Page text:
On a daily basis Agita Līviņa is managing the Institute of Social, Economic and Humanities Research at Vidzeme University of Applied Science, taking care of such things as preparation of documents and project applications, selection of research topics and attraction of funding. She points out that in the research institute she tries to find topics that are of interest not only to the researchers themselves, but also useful to the university, companies, municipalities and at the international level. Agita Līviņa also teaches courses for students of Tourism and Leisure study field.
What are your scientific achievements?
In total I have four publications with co-authors - they are like chapters in books published by international publishers such as Cabi and Routledge. I see this as an achievement. The other is the Fulbright research grant which I received for four months at Buffalo University. During that time, I gained a lot of new contacts, and I also got a broader perspective on many things.
Why did you engage in research? Where did it all start?
I am quite stubborn, if I decide on something, then I want to do it. It all started when I wanted to apply for a particular job position, and I was compliant with all the requirements, except education in economics. I already had a bachelor's degree in environmental science and a master's degree in geography - specifically in regional development and planning. The position I wanted to take gave me a strong incentive to acquire the formally required education in economics, that is why I enrolled in the doctoral study programme at Latvian University of Agriculture. Probably for the first time I studied so much and so intensively for the entrance exam (smiles). When studying economics, research is already inevitable.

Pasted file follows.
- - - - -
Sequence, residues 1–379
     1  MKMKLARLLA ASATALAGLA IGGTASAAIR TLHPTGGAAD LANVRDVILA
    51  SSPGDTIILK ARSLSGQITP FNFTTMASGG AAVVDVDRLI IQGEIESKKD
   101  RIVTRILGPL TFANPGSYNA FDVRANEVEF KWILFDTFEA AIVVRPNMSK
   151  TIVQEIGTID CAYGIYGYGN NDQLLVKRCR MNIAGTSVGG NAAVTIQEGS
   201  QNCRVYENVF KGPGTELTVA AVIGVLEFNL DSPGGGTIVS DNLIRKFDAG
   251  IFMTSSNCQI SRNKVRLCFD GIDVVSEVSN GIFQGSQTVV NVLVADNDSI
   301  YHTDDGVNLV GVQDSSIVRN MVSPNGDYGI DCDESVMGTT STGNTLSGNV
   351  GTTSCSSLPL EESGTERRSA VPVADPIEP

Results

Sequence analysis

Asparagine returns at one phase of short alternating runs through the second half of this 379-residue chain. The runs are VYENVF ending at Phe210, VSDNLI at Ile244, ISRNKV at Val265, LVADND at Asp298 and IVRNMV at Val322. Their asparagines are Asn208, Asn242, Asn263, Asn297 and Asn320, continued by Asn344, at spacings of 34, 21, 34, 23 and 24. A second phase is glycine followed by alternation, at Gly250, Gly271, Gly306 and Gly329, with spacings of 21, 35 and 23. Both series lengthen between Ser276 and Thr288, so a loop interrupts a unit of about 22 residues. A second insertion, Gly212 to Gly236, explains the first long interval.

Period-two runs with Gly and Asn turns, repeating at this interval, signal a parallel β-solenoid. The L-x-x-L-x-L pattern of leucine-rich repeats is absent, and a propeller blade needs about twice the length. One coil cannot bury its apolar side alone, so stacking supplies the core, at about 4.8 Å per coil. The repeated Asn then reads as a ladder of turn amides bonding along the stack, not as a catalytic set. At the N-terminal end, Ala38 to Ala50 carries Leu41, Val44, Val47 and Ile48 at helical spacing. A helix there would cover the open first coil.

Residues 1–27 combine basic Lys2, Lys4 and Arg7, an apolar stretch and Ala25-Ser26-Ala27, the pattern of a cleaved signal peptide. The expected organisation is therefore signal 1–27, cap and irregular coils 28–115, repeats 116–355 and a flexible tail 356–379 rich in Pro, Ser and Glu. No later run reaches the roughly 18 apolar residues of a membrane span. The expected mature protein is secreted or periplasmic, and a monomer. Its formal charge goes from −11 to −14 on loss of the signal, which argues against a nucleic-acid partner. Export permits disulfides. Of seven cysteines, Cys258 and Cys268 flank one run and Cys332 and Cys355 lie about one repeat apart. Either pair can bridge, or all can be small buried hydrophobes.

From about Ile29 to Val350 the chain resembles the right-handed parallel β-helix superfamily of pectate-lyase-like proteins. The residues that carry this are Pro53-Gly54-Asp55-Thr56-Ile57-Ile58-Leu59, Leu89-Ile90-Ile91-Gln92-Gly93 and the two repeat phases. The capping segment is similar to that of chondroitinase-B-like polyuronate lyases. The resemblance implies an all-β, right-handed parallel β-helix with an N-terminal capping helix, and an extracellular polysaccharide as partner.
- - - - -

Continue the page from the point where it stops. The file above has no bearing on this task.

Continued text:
Have you wanted to be a researcher since childhood?
I have to say that there could be two points of reference - when I was a kid I wanted to become an ice cream seller, but when I was in secondary school I dreamt of working in the Gauja National Park. I do not work in the Gauja National Park, but today, from an external perspective, you can see that what I do in research is very closely related to the Gauja National Park.
What would be your suggestions for young people on their way to this profession?
The main thing is to be curious and willing to understand why everything happens the way it does - to understand the causes that affect each process, to look for correlations, to develop a broad perspective of things. There must also be a desire to explore something new rather than to repeat what has already been done. It is a very great freedom - to be a researcher.
What do you think is the most important scientific achievement in the world?
Very difficult question. Simply put, the coexistence of man and technology. It would not be easy to choose something specific. For example, every time I fly to a conference, I still wonder how it is possible for an airplane to take off and stay in the air.